Screening: Good Stock on the Dimension Floor: an Opera

Witte de With and the International Film Festival Rotterdam (IFFR) are pleased to present a screening of Good Stock on the Dimension Floor: an Opera by HOWDOYOUSAYYAMINAFRICAN?, a multidisciplinary artists collective of the African diaspora. This screening is a prelude to the collective’s upcoming exhibition (22 May – 23 August) at Witte de With, which is curated in association with Sienna Shields, Christa Bell, and Nana Adusei-Poku, Witte de With’s 2015 Curatorial Fellow. Prior to the screening Adusei-Poku will give a short introduction to the film. Afterwards there will be an informal conversation with the artists in the Cinérama lounge.

Good Stock on the Dimension Floor: an Opera is a 34-part film-poem that reinterprets the traditional opera to pose a central question: “What happens to the black body when it is haunted by ‘a blackness,’ outside of it?” The spoken, chanted, sung, and screamed libretto (written by poet Dawn Lundy Martin) explores the consequences of centuries of global racial strife that are thrust upon on those born of African descent. The narrative of the opera is nonlinear, ultimately extending into an imagined future in which identities are evolving with multiplicity with resistance to simple labels.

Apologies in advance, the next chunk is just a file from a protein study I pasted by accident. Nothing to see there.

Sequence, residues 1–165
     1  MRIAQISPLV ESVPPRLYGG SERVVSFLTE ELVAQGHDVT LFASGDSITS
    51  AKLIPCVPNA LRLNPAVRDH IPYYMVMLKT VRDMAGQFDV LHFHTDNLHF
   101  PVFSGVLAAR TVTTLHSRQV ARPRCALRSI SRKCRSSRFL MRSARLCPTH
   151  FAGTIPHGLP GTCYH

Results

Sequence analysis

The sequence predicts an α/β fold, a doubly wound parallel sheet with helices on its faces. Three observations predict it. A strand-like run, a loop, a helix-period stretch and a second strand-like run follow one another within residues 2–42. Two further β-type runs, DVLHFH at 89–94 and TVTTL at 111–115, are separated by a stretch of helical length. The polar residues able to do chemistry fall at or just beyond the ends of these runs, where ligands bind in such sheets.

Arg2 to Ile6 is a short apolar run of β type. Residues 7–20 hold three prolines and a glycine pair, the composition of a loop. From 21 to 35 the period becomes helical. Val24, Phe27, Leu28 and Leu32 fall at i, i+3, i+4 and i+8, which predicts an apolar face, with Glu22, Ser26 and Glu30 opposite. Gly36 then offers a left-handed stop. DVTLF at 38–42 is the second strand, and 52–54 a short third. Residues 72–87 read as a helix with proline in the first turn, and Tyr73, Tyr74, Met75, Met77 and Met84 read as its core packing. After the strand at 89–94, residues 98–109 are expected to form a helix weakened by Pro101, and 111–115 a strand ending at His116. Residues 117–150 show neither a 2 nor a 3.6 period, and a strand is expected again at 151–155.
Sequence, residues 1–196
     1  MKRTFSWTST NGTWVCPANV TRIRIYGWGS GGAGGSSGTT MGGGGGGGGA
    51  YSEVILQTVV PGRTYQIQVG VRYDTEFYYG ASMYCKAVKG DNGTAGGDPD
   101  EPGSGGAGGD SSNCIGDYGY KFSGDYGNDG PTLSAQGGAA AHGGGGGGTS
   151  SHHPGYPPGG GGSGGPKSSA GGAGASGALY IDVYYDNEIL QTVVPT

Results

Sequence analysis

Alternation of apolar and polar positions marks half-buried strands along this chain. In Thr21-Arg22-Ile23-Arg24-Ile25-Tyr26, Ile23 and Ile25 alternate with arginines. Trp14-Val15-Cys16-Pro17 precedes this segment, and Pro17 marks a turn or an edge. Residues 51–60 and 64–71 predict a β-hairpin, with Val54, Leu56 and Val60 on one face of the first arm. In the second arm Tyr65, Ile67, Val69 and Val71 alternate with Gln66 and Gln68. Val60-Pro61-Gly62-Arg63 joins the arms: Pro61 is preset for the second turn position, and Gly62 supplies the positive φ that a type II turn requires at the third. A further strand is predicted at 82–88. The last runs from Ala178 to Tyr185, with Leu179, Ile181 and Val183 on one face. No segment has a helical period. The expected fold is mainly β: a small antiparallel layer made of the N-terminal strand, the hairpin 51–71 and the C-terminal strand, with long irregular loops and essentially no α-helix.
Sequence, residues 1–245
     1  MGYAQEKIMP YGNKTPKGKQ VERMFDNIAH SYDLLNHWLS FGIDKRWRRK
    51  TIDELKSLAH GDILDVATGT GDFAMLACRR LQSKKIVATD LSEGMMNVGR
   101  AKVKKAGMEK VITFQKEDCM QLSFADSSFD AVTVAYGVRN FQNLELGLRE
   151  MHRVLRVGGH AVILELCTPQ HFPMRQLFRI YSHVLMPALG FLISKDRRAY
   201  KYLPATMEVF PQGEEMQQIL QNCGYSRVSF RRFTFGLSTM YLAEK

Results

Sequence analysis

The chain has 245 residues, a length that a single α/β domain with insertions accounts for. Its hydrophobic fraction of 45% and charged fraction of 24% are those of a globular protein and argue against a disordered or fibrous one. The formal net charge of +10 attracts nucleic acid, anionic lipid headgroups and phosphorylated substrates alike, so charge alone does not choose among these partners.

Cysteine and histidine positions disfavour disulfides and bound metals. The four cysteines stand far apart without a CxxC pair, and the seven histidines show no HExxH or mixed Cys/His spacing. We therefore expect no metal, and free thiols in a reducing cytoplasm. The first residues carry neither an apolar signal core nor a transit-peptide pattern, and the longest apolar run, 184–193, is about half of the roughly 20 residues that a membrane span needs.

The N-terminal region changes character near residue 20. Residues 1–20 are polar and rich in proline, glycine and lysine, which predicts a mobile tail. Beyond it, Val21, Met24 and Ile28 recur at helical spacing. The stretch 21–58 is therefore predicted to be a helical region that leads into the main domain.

The film was shot in multiple, highly-crafted film locations in and around New York City, Alaska, Washington D.C., California, Florida, Berlin and Paris. Many of the film sets are comprised of sculptural installations and reflective surfaces, often with footage of previous sets projected frontally. This layering of sculptural form and imagery disrupts the possibility of a linear narrative and pushes the film toward abstraction. “Good Stock,” wants to decentralize representation as a way of knowing what cannot be known: “the black body.”

“The role of abstraction in the contemporary black avant-garde seems necessary as we are bodies that are mis-recognized, overly-recognized, put into tiny boxes as being X or Z… It’s about stepping out of social and cultural constraints of “blackness” and into the imagined future, a refusal to adhere to the idea that we can be known” Dawn Lundy Martin




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